The relationship between energy use and output growth has received increasing attention in recent years. While energy is an essential input for growth and development in modern economies – economic production uses both renewable and nonrenewable resources as sources of energy – energy use is also expected to be a limiting factor to economic growth, as other factors of production such as labor and capital cannot do without energy. Limited natural resources imply a serious drag on growth that may eliminate most or all of the positive influence of technological progress on income per capita. However, the use of renewable resource may allow a sustained growth despite natural environment limitations. It can also be argued that the impact of energy use on growth will depend on the structure of the economy, energy intensity and the stage of economic growth of the country concerned. Moreover, if energy use and environment policies affect the rate of productivity and the growth of the population, they will also have effects on long-run growth. The process of economic development has involved a strong growth of energy demand. Economic growth is a critical determinant of demands for energy and growth projections are essential for estimates of future demand and supply of energy. However, the expansion in energy consumption concomitant with economic development can potentially create serious problems. For instance, the growth in industrial production can place a severe strain on available domestic energy supplies, which in turn can lead to high energy prices domestically or an increase in imports of energy resources with consequences for the country's balance of payments. Economic growth can also create energy shortages since the rates depletion of exhaustible resources and regeneration of renewable resources may differ from the output growth rate. Over the past years there has been an increase in the literature that deals with the energetic topic. The use of different methodologies to study empirical questions is widely accepted in the literature. Although this paper does not seek to address and discuss advantages or disadvantages of different methods, we recognize the existence of a large range of approaches to model energy and natural resources. For instance, (i) econometric models ( Adams and Shachmurove, 2008, Gan and Zhidong, 2008, Lee and Chang, 2008 and Stern, 2007); (ii) input–output models ( Anderson, 2007, Marriot, 2007, Morán and González, 2007, Kagawa and Inamurra, 2004, Alcantara and Padilla, 2003, Hawdon and Pearson, 1995, Hsu, 1989 and Park, 1982); (iii) integrated models − econometric + input–output models ( Rey et al., 2004, Rey, 2000, Rey, 1998 and Rey and Dev, 1998) and macro econometric models (Barker et al., 2007) and (iv) computable general equilibrium models ( Sue Wing and I., 2008, Allan, 2007, Bjertnaes and Faehn, 2007, Wissema and Dellink, 2007, Vanden and Sue Wing, 2007, Otto and Reilly, 2007 and Naqvi, 1998). The main goal of this paper is to contribute in this discussion by proposing a novel approach to investigate the relationship between economic growth and energy consumption. This approach integrates an exogenous growth model and an input–output model to analyze energy use and economic growth at an economic sectoral level. Our point of departure for modeling economic growth is the neoclassical theory of growth originated by Solow, 1956 and Solow, 1974. This theory has been developed over the last years with important contributions to questions related to energy, the environment and economic growth (Cass, 1965 and Koopmans, 1967), natural resources extraction and growth (Dasgupta and Heal, 1974, Stiglitz, 1974, Chakravorty et al., 1997 and Martinet and Rotillon, 2007), environmental quality and income levels (Lopez, 1994, Brock and Taylor, 2004 and Brock and Taylor, 2005). The input–output framework of analysis was developed by Wassily Leontief in the late 1920s and early 1930s. The input–output analysis is a method of systematically quantifying the mutual interrelationships among the various sectors of a complex economic system. The input–output model is based on a fully determined general equilibrium model, where all the intermediate goods were expressed as a set of equations with sales and purchases of the intermediate industries forming the core of the system. Leontief (1941) designed a “closed model”, namely a model where all final demand and value added components were taken as endogenous. Later, Leontief (1951) reformulated the system to what is known as an “open model”, with the final demand and value added components treated exogenously. It is important to highlight that the input–output literature covers issues across a wide range of topics (e.g. growth, welfare, interdependence); policy issues (e.g. income distribution, employment, investments, migration, energy consumption, and the environment); analytical frameworks (e.g. static, comparative static, dynamic, structural, spatial, and open versus closed); units and levels of analysis (e.g. enterprises, industries, metropolitan areas, regions, multiple regions, single nations, groups of countries, and the world)1. One of the most important features of input–output models is the idea of fixed technical coefficients. Economic policy, however, induce changes in these input–output coefficients. The literature presents a different range of approaches to address this issue, such as econometric models (Jorgenson and Wilcoxen, 1993), macroeconomic production functions (Raa, 2005) and applied general equilibrium models (Johansen, 1960). Different input–output models are specified in order to study the interrelations between economic activities and their impacts on the environment, pollution and natural resources use. Park (1982) puts forward an input–output model to study direct, indirect and induced energy effects of a change in final demand and estimates the effects of technical change on energy consumption. Hawdon and Pearson (1995) constructed an input–output model to study interactions between energy and economic activities for the United Kingdom. Henry (1995) discusses the idea of capacity growth and the impacts on energy in an input–output framework and shows how a forward year by year uniform capacity growth across all sectors can be reached based on a specific annual growth rate. The specification of an energy sector in the model allows to deal explicitly with the importance of energy to any capacity expansion. Murthy et al. (1997) study carbon dioxide (CO2) emissions from energy consumption in India and argue that the input–output framework fits very well this kind of analysis due the possibility of verifying the direct and indirect emissions caused by variations in each category of final demand. Machado et al. (2001) measure the impacts of foreign trade on energy use and CO2 emissions using a hybrid input–output calibrated to the Brazilian economy for 1985, 1990 and 19952. We present a growth model with renewable and nonrenewable resources and perfect mobility of commodities. Economic sectors differ with respect their capital intensity and energy use. Nonrenewable resources are depleted as they are used. The stock of non-exhaustible resources is renewed each period at a given rate. Economic sectors differ with respect to their capital intensity and energy use. To the best of our knowledge, this is the first study to propose an integrated exogenous growth model and input–output model to analyze energy consumption and economic growth at the economic sectoral level. The neoclassical growth model is a useful tool for gaining insights into the key factors that determine the ability of an economy to sustain itself in the long-run. An advantage of our analysis is that shocks to the input–output model are consistent with the solution of a well defined growth model, which minimizes the ad hoc structure of the shocks. The relationships between the economic agents are established in the input–output framework, which eliminate the necessity to model such complex interactions. This integrated framework offers a simple methodology to study the relationship between growth and energy consumption, which relies mainly in the solution of the growth model and in the input–output structure of the economy. No econometric methods are used in our methodology. Energy consumption is often used as a proxy for economic growth. On average, the consumption of energy grows at a rate of 2% per year and it is expected that it will double in 30 years. The growth rate is not uniform across countries. While the energy consumption grows at 1% in developed countries, this rate is four times higher in developing countries. In this paper, we contribute to the ongoing debate about the link between economic growth and energy consumption by studying the Brazilian economy and its economic sectors. To study the impact of economy growth on energy consumption, we use the Brazilian National Accounts and Input–Output Matrix (IBGE) and the National Energy Report (BEN). We analyze eleven economic sectors: Agriculture, Mining, Nonmetallic minerals, Steel and nonferrous metals, Paper products and printing, Chemicals, Textiles, Food and beverages, Trade and services, Transportation and Public administration. More than 80% of the energy consumed by sectors such as Food and Beverages, Trade and Services, Public Administration and Paper Products and Printing comes from renewable natural resources. On the other hand, Mining, Chemicals, Transportation and Nonmetallic Minerals consume energy from nonrenewable resources heavily. The calculated sectoral output growth rates indicate that the Trade and Services, Public Administration and Agriculture sectors have a much higher long-run growth rates than the other sectors as well as the economy. We observe that these three sectors have the lowest renewable and nonrenewable resources shares among all sectors analyzed. The remaining sectors have a very low output growth rate, lower than 1%. For all sectors, except Public Administration, the consumption of energy in 2003 (our baseline year) is above the level of energy consumption associated with the sectoral long-run output growth rate. We then forecast the long-run energy consumption by sector in Brazil for the period 2004–2014, assuming that economic sectors grow at their long-run growth rates. We also conduct several experiments to analyze the impact of changes in the parameters of the model on the sectoral output growth rate and, consequently, on the consumption of energy in each economic sector. The experiments involve changes in technological progress growth rate, extraction and regeneration rates of both renewable and nonrenewable resources and population growth. The paper is organized as follows: Section 2 presents the economy and the structure of the model. This section explains the key features of the integration between an exogenous growth model and the input–output model. The relationship between growth and energy use are also explored. In Section 3 we conduct a quantitative analysis of sectoral output growth and the consumption of renewable and nonrenewable resources. Some experiments are also discussed in this section. Finally, Section 4 offers concluding remarks.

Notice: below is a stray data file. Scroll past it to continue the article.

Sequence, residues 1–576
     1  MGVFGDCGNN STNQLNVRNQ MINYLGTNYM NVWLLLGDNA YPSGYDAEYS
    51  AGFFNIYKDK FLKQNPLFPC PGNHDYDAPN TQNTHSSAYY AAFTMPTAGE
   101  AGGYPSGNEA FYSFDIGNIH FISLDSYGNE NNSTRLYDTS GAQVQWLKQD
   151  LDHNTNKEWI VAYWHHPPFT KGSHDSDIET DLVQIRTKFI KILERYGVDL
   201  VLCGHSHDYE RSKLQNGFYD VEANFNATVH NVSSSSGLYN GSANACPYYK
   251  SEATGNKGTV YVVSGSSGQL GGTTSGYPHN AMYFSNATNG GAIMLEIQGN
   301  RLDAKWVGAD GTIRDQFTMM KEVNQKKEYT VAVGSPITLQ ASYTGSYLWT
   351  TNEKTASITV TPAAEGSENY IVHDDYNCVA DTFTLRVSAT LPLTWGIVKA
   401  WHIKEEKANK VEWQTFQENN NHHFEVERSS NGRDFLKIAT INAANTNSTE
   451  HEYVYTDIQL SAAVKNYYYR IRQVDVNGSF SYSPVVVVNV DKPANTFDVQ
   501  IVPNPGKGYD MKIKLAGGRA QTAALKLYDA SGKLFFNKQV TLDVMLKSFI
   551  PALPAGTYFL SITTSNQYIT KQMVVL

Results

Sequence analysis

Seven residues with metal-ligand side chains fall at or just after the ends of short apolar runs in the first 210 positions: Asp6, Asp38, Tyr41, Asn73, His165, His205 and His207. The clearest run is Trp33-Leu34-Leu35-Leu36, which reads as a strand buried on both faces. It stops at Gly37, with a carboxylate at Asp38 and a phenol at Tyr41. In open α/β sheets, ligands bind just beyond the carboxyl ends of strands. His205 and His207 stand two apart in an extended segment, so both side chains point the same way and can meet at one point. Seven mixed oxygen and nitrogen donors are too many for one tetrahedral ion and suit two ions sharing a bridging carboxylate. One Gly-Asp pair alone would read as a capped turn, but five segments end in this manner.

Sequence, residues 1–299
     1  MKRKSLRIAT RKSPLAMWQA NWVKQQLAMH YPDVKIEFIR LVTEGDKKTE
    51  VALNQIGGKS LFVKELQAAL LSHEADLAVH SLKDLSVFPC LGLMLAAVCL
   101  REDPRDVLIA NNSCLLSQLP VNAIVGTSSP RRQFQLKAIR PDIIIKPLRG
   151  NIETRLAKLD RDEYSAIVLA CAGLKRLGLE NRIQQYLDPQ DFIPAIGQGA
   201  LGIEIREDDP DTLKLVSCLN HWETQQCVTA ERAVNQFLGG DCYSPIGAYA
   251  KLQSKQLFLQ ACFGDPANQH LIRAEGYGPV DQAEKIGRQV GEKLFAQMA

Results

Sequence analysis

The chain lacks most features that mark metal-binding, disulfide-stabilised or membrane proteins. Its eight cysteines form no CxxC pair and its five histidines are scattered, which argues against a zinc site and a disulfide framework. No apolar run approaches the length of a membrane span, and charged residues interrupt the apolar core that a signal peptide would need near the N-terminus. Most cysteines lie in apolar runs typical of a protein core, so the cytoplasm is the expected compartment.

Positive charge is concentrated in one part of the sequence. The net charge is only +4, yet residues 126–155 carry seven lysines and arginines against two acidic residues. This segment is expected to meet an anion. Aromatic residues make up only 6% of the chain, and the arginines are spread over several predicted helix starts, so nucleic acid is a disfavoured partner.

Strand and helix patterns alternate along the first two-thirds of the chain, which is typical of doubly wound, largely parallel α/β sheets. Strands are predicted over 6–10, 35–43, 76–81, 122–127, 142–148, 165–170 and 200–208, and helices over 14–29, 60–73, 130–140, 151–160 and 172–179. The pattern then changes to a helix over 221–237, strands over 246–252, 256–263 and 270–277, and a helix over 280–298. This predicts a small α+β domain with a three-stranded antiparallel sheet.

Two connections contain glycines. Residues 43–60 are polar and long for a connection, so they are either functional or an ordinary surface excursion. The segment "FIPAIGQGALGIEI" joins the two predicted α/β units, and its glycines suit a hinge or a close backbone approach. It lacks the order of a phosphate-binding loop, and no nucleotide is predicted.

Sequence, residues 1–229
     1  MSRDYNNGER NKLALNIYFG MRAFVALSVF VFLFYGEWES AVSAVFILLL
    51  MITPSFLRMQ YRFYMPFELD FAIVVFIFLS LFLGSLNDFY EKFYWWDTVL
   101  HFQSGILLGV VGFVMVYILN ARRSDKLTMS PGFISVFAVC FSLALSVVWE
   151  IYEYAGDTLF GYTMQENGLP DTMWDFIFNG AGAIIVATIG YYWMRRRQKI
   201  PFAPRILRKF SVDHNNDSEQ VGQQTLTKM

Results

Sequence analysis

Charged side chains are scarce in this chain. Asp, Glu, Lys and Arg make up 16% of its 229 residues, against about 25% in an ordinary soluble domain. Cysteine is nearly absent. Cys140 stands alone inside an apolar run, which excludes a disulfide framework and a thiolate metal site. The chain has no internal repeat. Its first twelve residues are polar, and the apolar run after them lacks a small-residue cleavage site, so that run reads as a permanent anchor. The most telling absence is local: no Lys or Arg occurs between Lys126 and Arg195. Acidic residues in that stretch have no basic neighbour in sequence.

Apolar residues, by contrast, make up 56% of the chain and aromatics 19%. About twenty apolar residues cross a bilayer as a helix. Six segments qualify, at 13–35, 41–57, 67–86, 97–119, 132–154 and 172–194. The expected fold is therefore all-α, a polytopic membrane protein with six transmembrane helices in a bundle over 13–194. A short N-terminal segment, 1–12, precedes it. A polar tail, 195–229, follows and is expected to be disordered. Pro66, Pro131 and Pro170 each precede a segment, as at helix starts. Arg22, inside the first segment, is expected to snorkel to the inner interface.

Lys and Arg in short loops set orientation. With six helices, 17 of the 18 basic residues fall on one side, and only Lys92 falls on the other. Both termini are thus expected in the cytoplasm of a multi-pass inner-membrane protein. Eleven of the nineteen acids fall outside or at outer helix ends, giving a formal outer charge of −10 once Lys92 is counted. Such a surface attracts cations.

نتیجه گیری انگلیسی
This paper studies the impacts of economic growth on the consumption of energy. We propose a methodology that integrates a growth model with an input–output model. This model integration contributes to the literature by potentially minimizing these separated model weaknesses. Our approach presents clear advantages when compared to each approach alone, i.e. integrated model versus a growth model and an input–output model. In particular, regarding the Leontief approach, our model incorporates technological progress through a Cobb–Douglas production function, uses a calibration process to make forecasts and allows for substitutability between inputs in the production process. These features are not standard or regular in the input–output approach. For the macroeconomic approach, the relationships between the economic agents are established in the input–output framework, which eliminate the necessity to model such complex interactions. Several studies suggest that in order to better understand the development over time of energy use, we have to use a disaggregated microeconomic approach. This is the approach proposed in this paper. A possible extension of this study is to close the model for consumption and consider the residential energy use. A natural extension of this approach is to model the energy sector as a sector of the economy, where different energy commodities would be treated differently. We leave this for future research.